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FILE - In this undated file photo released by a militant website, which has been verified and is consistent with other AP reporting, militants of the Islamic State group hold up their weapons and wave flags on their vehicles in a convoy on a road leading to Iraq, while riding in Raqqa, Syria. Simultaneous attacks on the Islamic State-held city of Mosul in Iraq and Raqqa, the de facto IS capital across the border in eastern Syria, would make military sense: They would make it harder for the extremists to move reinforcements and deny them a safe haven. (Militant website via AP, File)
FILE - In this undated file photo released by a militant website, which has been verified and is consistent with other AP reporting, militants of the Islamic State group hold up their weapons and wave flags on their vehicles in a convoy on a road leading to Iraq, while riding in Raqqa, Syria. Simultaneous attacks on the Islamic State-held city of Mosul in Iraq and Raqqa, the de facto IS capital across the border in eastern Syria, would make military sense: They would make it harder for the extremists to move reinforcements and deny them a safe haven. (Militant website via AP, File)
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(FILES) This image grab taken from a propaganda video released on July 5, 2014 by al-Furqan Media allegedly shows the leader of the Islamic State (IS) jihadist group, Abu Bakr al-Baghdadi, aka Caliph Ibrahim, adressing Muslim worshippers at a mosque in the militant-held northern Iraqi city of Mosul. 
The Russian army on June 16, 2017 said it hit Islamic State leaders in an airstrike in Syria last month and was seeking to verify whether IS chief Abu Bakr al-Baghdadi had been killed. In a statement, the army said Sukhoi warplanes carried out a 10-minute night-time strike on May 28 at a location near Raqa, where IS leaders had gathered to plan a pullout by militants from the group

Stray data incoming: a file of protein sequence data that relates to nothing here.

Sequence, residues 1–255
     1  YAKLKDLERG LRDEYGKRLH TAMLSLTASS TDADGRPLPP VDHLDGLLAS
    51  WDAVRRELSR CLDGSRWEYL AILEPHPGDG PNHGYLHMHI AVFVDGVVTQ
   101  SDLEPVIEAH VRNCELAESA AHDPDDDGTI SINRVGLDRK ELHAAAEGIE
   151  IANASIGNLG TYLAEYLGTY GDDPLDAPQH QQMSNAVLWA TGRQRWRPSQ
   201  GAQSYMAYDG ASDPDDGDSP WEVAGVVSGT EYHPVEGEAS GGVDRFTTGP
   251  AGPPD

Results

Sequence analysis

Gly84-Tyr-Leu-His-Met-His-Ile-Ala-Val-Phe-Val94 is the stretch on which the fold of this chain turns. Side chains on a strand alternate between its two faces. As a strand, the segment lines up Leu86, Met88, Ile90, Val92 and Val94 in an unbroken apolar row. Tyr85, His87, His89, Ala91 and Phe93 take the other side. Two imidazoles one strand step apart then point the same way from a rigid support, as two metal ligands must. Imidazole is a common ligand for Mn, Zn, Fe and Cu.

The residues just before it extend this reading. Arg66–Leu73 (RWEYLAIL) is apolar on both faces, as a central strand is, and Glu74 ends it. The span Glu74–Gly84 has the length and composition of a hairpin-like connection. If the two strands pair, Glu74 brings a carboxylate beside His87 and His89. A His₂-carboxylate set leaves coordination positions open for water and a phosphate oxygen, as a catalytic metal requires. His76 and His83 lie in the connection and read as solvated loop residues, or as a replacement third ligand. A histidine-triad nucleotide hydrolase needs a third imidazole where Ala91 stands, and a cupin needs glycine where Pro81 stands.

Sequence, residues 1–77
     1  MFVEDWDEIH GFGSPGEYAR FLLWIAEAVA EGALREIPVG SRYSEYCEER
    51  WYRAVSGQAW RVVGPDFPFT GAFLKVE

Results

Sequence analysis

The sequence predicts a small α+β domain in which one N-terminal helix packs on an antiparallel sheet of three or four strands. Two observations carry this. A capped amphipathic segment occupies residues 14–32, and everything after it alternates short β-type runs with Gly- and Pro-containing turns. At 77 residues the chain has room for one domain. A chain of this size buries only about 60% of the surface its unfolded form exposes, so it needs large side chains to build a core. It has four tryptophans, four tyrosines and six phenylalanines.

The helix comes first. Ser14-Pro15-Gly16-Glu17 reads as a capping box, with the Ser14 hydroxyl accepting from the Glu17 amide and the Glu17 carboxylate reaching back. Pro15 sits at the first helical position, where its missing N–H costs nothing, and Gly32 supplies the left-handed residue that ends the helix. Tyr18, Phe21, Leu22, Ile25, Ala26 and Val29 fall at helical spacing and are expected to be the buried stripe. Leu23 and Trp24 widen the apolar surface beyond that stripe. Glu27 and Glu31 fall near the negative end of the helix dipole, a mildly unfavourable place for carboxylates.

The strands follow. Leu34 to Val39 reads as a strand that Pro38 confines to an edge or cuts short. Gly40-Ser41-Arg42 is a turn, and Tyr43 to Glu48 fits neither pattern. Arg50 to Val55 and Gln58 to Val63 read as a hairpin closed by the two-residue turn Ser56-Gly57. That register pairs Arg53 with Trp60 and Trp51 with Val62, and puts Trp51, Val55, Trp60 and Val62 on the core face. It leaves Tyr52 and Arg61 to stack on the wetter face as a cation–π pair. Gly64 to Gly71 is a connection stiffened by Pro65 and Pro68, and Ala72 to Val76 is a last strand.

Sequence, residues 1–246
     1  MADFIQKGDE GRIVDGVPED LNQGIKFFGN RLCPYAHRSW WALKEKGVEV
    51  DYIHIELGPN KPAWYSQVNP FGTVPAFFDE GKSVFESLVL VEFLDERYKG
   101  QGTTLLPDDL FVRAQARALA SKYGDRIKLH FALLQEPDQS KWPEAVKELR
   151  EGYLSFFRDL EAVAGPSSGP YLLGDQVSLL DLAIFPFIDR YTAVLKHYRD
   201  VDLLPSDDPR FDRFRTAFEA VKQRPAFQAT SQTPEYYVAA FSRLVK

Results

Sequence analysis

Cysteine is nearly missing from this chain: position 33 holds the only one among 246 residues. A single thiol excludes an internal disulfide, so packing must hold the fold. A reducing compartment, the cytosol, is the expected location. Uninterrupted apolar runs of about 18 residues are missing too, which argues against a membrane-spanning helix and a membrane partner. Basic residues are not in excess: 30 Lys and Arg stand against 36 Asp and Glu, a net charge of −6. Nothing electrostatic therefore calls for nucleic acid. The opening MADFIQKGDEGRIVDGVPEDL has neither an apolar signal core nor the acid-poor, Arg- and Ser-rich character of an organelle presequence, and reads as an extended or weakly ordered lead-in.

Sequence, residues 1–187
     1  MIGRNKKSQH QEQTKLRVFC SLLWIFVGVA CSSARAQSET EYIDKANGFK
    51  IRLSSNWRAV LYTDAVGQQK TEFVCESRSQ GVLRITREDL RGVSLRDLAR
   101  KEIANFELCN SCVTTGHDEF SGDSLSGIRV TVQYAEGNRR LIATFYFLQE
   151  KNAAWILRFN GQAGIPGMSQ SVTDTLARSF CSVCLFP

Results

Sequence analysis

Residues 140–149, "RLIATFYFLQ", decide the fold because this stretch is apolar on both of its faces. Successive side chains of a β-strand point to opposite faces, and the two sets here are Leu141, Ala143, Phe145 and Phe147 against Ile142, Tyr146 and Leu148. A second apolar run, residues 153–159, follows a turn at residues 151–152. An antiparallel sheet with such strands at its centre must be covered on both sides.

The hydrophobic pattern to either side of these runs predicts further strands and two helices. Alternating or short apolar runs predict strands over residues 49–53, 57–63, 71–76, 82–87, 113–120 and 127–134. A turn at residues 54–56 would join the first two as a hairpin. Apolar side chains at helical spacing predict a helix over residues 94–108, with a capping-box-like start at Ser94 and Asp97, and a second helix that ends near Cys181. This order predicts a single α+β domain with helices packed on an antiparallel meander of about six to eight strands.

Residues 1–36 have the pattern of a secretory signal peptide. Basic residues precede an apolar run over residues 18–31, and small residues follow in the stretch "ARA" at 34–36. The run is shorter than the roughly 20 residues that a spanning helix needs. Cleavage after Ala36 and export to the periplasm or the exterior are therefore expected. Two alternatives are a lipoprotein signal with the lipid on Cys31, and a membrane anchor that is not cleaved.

(FILES) This image grab taken from a propaganda video released on July 5, 2014 by al-Furqan Media allegedly shows the leader of the Islamic State (IS) jihadist group, Abu Bakr al-Baghdadi, aka Caliph Ibrahim, adressing Muslim worshippers at a mosque in the militant-held northern Iraqi city of Mosul. The Russian army on June 16, 2017 said it hit Islamic State leaders in an airstrike in Syria last month and was seeking to verify whether IS chief Abu Bakr al-Baghdadi had been killed. In a statement, the army said Sukhoi warplanes carried out a 10-minute night-time strike on May 28 at a location near Raqa, where IS leaders had gathered to plan a pullout by militants from the group's stronghold. / AFP PHOTO / AL-FURQAN MEDIA / --/AFP/Getty Images
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Story highlights

In total 11,774 terrorist attacks in 92 countries took place in 2015 that resulted in more than 28,300 deaths

The report noted that the total number of terrorist attacks in 2015 decreased by 13% when compared to 2014

(CNN) —  

The State Department on Thursday released its annual report on global terrorist activity, listing Iran as the top state sponsor of terrorism and labeling ISIS “the greatest threat globally.”

The report also includes statistics on terrorist activity worldwide, and said 11,774 terrorist attacks in 92 countries occurred in 2015.

The department’s acting coordinator for counterterrorism, Justin Siberell, briefed reporters Thursday on the report’s content, saying the document was used to assess the effectiveness of the effort to combat terrorism and to determine where to best place resources.